Winter constellations are on the rise, and among everyone's favorite is Cassiopeia, with its distinctive 'W' shape, and famous lore in western mythology. Cassiopeia also happens to be filled with treasures; easily attainable in both binoculars and telescopes.
In mythology, Cassiopeia is the vain queen in the legend of Andromeda and Perseus. She is also the wife of King Cepheus. All these characters are found in the same part of the winter skies. Others that are related, in Greek mythology, are Pegasus and Cetus. We'll eventually visit them all.
Location of the double star Eta Cassiopeiae
My favorite object to observe in Cassiopeia is the double star Eta Cassiopeiae, visible to the naked eye at magnitude 3.43. There are some very fine open clusters throughout the constellation, and some challenging diffuse nebulae, but Eta is special for its amazing color combination: a creamy yellow-white for the larger (primary) star, with the secondary star shining like a copper penny, which is my nickname for it. Eta Cassiopeiae can be split in even the smallest of telescopes.
Eta is our close neighbor at a distance of 19 light years from Earth, and its stars orbit each other once every 480 years. The actual distance between the two stars is 70 AU, (Astronomical Units - the distance between the Earth and Sun.) For comparison, the planet Neptune is 30 AU from the Sun.
The main star is fascinating because it is virtually a twin of our own Sun: it is 97% the Sun's mass, is a G-type main sequence star like the Sun, and 101% the radius of the Sun. So, looking at that creamy yellow-white star gives you a very good idea of what our star would look like from 19 light years away!
NGC 457 - The ET Cluster. It has also been called the Kachina Doll, Owl Cluster, Dragonfly and Skiing Cluster.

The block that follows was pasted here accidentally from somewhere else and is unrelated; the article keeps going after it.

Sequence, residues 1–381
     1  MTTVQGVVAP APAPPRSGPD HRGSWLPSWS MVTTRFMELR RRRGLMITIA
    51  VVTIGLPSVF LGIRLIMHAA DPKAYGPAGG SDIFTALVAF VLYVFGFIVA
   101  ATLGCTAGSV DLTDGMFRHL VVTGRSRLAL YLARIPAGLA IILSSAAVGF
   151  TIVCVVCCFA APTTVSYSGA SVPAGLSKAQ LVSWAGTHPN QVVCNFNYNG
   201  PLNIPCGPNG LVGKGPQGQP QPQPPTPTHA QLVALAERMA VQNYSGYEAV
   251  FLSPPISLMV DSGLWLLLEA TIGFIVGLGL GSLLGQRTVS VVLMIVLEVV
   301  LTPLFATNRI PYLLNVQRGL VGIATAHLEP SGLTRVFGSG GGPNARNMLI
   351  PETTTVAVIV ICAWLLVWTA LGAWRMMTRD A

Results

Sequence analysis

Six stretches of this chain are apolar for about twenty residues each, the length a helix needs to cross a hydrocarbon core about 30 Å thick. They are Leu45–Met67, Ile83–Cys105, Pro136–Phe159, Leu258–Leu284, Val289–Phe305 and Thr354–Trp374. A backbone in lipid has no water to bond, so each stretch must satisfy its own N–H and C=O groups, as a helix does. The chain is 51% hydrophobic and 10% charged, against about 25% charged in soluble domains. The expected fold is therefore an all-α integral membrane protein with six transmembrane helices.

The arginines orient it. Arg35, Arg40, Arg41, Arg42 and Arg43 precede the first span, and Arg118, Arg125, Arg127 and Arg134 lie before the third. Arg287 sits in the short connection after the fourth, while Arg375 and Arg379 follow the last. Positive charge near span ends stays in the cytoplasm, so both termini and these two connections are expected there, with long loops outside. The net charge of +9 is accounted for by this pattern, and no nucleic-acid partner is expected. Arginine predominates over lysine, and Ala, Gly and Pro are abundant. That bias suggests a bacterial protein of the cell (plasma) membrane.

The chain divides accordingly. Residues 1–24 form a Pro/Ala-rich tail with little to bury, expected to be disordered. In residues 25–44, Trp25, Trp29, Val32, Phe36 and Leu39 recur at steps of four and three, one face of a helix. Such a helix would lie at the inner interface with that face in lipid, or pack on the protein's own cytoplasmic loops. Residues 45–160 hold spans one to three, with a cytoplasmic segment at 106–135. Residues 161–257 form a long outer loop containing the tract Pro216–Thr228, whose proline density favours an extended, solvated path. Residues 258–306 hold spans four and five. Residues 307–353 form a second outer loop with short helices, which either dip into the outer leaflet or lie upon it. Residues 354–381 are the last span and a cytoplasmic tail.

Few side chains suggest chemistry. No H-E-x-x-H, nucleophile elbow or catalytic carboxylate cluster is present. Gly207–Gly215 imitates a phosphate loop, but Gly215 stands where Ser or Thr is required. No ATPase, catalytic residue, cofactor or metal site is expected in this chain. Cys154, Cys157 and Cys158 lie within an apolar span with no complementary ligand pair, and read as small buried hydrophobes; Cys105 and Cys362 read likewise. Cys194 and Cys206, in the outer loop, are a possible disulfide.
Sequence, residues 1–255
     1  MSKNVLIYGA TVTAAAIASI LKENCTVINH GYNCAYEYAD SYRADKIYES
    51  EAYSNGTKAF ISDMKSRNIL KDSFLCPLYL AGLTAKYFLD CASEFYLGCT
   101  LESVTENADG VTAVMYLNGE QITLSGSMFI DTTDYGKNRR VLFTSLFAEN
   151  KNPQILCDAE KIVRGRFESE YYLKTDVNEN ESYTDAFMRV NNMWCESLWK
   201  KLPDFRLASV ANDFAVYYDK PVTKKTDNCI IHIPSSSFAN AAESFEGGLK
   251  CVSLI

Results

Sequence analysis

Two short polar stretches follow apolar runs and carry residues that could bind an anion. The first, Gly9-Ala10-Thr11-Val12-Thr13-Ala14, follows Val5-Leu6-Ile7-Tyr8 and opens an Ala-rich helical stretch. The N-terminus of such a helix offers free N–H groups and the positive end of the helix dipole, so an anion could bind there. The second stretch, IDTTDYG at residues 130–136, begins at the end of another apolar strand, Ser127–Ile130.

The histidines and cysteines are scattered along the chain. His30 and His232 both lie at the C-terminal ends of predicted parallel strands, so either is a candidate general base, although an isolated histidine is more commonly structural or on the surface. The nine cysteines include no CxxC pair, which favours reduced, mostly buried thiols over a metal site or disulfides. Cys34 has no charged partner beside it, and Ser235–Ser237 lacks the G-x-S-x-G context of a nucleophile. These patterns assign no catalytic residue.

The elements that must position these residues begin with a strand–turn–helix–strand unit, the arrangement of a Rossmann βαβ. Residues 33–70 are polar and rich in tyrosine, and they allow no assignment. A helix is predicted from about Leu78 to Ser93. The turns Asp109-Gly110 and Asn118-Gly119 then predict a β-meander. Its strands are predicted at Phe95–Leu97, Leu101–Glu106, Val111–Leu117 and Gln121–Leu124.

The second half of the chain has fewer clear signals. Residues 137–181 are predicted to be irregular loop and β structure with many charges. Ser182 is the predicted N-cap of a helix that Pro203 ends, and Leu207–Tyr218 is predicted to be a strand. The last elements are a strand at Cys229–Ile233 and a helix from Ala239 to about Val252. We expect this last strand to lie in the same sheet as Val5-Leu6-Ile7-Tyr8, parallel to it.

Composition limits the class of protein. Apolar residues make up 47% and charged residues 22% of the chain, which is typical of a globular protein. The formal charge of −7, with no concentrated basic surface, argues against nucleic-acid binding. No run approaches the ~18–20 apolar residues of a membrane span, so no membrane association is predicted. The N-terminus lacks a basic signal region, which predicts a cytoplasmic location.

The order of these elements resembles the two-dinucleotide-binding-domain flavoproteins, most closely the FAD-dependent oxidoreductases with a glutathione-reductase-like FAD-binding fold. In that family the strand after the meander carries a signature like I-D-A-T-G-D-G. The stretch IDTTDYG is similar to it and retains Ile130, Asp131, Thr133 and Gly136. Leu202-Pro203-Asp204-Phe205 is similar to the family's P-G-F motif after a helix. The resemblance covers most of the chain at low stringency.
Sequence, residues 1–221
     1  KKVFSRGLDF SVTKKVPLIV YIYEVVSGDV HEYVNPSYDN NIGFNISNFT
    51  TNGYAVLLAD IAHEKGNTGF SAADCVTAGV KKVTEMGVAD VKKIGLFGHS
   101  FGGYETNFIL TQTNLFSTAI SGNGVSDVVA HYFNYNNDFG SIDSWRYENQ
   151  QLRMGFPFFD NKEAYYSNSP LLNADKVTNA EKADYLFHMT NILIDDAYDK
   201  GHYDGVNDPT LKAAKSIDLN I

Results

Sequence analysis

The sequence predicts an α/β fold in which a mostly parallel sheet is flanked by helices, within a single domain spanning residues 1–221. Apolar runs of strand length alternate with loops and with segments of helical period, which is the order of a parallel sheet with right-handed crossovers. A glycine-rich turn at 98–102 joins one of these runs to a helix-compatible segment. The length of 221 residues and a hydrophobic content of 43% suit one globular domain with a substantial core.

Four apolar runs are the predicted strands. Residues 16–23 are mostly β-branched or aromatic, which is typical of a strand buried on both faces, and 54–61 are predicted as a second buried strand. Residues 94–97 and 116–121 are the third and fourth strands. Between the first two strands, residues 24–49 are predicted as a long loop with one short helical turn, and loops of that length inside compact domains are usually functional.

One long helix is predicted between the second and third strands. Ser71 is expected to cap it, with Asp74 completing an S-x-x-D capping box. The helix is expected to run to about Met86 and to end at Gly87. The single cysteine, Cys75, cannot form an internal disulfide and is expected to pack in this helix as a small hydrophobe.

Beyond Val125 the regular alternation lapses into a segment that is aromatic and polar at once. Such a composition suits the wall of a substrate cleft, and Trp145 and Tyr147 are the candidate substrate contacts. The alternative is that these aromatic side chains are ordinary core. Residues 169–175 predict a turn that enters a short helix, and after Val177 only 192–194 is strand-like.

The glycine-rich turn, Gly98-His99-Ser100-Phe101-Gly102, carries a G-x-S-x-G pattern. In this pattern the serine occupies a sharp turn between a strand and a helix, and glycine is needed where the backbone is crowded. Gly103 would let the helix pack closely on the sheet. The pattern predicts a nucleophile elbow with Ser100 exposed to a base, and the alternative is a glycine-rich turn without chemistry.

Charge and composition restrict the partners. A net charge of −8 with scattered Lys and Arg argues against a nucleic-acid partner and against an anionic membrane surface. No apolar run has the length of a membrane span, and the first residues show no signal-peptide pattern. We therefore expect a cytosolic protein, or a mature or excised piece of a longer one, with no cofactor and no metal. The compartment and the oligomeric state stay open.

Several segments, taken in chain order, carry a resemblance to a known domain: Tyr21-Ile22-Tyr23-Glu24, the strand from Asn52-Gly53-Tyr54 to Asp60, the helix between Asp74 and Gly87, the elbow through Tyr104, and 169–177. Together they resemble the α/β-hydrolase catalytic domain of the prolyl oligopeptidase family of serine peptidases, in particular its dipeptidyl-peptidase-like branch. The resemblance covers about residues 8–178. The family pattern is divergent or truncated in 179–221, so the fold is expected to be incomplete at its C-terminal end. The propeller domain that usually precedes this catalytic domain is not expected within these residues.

I also always enjoy sharing views of the open cluster NGC 457 at public star parties. It is bright and very easy to find by extending an imaginary line from the eastern "leg" of the W about one-third of the length in the opposite direction. This cluster shines at magnitude 6.40, so it is almost visible without optical aid. There are approximately 120 young stars in this group, estimated to be 21 million years old. NGC 457 is relatively distant for such a bright cluster, at 7,900 light years! The cluster has many names given by amateur astronomers. My favorite is the popular "ET Cluster."
The ET Cluster with stick figure.
The bright stars Phi-1 and Phi-2 appear to be the eyes of ET, and dimmer stars of the grouping forming the body and arms of the famous movie character. Visually, in a telescope, you will immediately see the figure.
The many open clusters of Cassiopeia
There are many open clusters in Cassiopeia in addition to ET. I suggest also looking at NGC 654, (M103), and NGC 7789, which can only been seen in a dark sky. M103 is a brilliant triangular grouping, while NGC 7789 is a mysterious maze of dimmer stars all nearly the same magnitude.
Open clusters, young groupings of stars, are common along the band of the Milky Way. Cassiopeia lies directly along our winter Milky Way. Stop by this weekend, and take the tour!
Did you find ET, or did you see a Dragonfly? Were you able to separate Eta Cassiopeiae? Tell us in the comments!
Charts created with Starry Night Pro. NGC 457 image from the Digital Sky Survey.
Mark Wagner is a life-long astronomy enthusiast and deep sky observer. He has spent the past twenty years popularizing amateur astronomy in the San Francisco bay area through his writing and community building. A past president of the San Jose Astronomical Association, he founded what is now the annual Golden State Star Party in California. Please post if you have comments, questions, sketches or images you've taken of the targets mentioned above.